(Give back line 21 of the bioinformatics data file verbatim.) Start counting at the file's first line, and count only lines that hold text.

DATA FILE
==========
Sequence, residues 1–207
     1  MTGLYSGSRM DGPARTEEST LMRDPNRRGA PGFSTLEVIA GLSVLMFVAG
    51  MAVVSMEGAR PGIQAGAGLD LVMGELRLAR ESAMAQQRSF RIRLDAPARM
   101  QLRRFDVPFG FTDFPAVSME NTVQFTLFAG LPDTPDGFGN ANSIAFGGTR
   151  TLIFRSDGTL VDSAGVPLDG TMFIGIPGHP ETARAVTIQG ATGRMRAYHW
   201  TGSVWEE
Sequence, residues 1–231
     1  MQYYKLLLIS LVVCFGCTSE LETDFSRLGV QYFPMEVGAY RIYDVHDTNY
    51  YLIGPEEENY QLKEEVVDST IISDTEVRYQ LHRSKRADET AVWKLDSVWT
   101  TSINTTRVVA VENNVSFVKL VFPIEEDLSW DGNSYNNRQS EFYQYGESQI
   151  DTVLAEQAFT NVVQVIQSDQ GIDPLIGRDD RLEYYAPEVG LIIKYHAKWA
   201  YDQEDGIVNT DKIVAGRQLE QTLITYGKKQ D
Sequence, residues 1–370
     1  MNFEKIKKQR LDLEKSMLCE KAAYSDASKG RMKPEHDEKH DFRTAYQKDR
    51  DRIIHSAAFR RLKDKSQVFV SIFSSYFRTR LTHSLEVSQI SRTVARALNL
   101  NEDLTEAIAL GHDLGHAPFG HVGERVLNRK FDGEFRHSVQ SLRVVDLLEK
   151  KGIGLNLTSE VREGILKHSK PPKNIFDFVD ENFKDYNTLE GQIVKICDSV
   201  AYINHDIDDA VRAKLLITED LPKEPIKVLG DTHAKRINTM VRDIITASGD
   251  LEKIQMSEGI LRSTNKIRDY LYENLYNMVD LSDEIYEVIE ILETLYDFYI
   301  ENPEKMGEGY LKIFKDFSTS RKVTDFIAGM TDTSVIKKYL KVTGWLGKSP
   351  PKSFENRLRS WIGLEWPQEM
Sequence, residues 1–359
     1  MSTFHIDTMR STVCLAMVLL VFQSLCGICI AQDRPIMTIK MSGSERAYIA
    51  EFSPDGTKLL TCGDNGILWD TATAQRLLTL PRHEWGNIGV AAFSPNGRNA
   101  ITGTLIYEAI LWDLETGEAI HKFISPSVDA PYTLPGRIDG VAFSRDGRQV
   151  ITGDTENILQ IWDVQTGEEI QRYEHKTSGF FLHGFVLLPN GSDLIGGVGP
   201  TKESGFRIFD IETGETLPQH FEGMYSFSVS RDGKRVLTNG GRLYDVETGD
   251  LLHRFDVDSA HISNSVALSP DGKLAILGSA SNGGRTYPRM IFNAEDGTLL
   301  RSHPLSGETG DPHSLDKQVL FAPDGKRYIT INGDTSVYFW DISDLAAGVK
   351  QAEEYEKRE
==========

   351  PKSFENRLRS WIGLEWPQEM